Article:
November 1, 2008

Scrapin' Up the Bits... Spooktacular Style

A little bit 'o everything here. No need to mince words. I'll just get to it.

First, and this is not the first study to reach this conclusion, but a new study from the United Nations concludes that, in Africa at least, yields on farms that are organic or "near-organic" have superior yields compared to large industrial farms.
The study found that organic practices outperformed traditional methods and chemical-intensive conventional farming. It also found strong environmental benefits such as improved soil fertility, better retention of water and resistance to drought.
Next, and this is very late in coming, but if you didn't read Michael Pollan's latest in the New York Times -- a letter to the next president -- please do so now. It's quite long, but well worth the read. At the heart of this letter is a central proposal, to return to a food system based on the power of sunshine.
Yet the sun still shines down on our land every day, and photosynthesis can still work its wonders wherever it does. If any part of the modern economy can be freed from its dependence on oil and successfully resolarized, surely it is food.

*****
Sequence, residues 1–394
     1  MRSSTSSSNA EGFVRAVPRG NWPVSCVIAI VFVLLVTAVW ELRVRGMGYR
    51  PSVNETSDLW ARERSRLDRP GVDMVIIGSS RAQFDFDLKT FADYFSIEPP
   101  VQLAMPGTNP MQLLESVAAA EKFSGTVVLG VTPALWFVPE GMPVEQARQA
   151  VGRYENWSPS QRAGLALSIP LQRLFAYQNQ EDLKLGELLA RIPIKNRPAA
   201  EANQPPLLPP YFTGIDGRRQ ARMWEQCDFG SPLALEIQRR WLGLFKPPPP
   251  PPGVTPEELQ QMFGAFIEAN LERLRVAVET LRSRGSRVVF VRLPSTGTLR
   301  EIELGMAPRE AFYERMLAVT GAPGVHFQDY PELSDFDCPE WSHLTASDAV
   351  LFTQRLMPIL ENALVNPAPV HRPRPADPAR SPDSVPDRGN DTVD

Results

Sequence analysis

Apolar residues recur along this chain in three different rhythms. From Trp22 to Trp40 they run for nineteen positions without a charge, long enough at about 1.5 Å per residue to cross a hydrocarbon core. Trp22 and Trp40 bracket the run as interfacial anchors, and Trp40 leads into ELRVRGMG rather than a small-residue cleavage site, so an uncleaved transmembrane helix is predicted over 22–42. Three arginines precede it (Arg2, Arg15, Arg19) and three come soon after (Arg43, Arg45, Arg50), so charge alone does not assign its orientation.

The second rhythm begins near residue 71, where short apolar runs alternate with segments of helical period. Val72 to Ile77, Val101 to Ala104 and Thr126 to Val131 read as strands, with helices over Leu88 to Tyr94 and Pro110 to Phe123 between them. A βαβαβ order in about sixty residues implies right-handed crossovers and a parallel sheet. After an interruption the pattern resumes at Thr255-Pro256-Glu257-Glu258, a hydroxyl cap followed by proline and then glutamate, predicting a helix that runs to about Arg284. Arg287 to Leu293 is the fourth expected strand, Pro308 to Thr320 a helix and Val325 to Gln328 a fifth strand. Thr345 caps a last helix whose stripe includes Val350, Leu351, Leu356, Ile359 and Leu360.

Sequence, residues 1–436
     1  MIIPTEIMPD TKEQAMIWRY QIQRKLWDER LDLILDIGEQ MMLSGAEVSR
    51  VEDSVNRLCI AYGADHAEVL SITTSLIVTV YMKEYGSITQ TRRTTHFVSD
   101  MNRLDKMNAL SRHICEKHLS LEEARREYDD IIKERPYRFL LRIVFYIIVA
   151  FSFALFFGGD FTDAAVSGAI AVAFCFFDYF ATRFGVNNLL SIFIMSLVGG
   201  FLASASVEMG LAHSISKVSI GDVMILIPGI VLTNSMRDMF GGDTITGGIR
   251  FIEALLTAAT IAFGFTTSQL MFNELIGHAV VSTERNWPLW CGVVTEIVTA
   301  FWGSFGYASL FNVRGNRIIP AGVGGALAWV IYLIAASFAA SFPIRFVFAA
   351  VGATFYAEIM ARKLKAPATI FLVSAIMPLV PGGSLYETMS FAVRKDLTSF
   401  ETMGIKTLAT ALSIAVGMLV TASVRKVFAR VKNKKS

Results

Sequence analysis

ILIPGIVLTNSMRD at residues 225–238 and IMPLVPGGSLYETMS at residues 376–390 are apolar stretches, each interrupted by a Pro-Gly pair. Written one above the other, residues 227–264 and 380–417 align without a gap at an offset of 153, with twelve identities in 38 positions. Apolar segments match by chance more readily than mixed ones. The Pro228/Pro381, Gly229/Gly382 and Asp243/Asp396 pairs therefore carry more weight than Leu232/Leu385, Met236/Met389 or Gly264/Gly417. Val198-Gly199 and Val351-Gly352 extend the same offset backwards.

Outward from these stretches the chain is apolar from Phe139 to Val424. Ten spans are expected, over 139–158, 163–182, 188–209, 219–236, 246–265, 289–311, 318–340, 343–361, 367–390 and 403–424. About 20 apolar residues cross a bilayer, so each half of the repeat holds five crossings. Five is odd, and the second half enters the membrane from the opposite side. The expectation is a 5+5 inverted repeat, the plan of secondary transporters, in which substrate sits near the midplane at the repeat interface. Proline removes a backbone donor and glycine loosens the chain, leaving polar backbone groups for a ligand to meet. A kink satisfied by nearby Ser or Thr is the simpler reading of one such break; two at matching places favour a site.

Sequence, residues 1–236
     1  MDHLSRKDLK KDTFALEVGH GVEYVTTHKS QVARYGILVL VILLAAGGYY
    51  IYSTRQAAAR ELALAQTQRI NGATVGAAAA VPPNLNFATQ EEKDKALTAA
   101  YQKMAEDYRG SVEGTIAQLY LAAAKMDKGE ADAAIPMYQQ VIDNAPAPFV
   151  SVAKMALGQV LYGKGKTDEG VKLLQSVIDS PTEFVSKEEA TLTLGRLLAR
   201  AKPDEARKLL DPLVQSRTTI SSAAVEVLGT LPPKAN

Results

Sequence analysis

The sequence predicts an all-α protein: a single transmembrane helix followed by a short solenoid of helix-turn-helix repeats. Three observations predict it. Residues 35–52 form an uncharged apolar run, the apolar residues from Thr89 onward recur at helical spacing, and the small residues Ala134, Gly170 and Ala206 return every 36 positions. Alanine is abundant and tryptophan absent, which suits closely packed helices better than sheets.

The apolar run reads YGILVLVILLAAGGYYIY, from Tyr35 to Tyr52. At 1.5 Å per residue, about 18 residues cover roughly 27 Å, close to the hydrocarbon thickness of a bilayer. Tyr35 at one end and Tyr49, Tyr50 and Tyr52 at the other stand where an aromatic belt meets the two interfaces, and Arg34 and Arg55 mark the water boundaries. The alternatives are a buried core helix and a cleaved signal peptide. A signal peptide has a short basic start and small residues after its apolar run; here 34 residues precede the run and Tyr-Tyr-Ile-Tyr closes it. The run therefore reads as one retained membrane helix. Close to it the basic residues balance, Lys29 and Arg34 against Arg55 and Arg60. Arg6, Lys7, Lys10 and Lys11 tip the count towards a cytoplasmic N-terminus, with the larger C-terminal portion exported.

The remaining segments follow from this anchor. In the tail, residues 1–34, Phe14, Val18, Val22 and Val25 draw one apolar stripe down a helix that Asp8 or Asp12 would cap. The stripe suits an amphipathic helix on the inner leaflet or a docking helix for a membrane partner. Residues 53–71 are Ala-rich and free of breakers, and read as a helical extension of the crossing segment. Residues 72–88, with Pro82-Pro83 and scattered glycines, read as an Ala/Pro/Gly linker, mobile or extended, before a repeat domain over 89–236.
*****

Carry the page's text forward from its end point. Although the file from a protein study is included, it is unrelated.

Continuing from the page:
More locally, Cafe Allegro, a Pittsburgh dining standard bearer for the better part of the last two decades, is closing. I never ate there, and had heard its better days were behind it. Nevertheless, it's sad to see.

Meanwhile, the Passport Cafe, a restaurant where I have only eaten lunch, gets raves from the City Paper.
The subtitle of Passport Café, a year-old restaurant in an upscale strip mall on Perrysville Highway, is "Global cuisine, local harvest." Worthy, to be sure, but ... not to put too fine a point on it, but lately every other restaurant we visit seems to tout a variation on this theme. What then, we wondered, would distinguish Passport Café? Let us count the ways.
That's a long way from this Post-Gazette review from nearly a year ago, not long after the restaurant opened.
With all this effort, I expected to be impressed. Instead, I found myself perplexed and disappointed.
When we eat steaks anymore, I've given up on the grill. Instead, I opt for the cast-iron, seared first on the stove top, and finished in the oven. While I enjoy a burger, the ones I make at home are just never that great. I place part of that blame on the grill and its lack of temperature control. I know it sounds like heresy, but I've been thinking if, for burgers, we should likewise abandon the grill altogether.

This, however, convinces me that a combination approach, may be worth at least one try. Now if I could only find those brioche buns!

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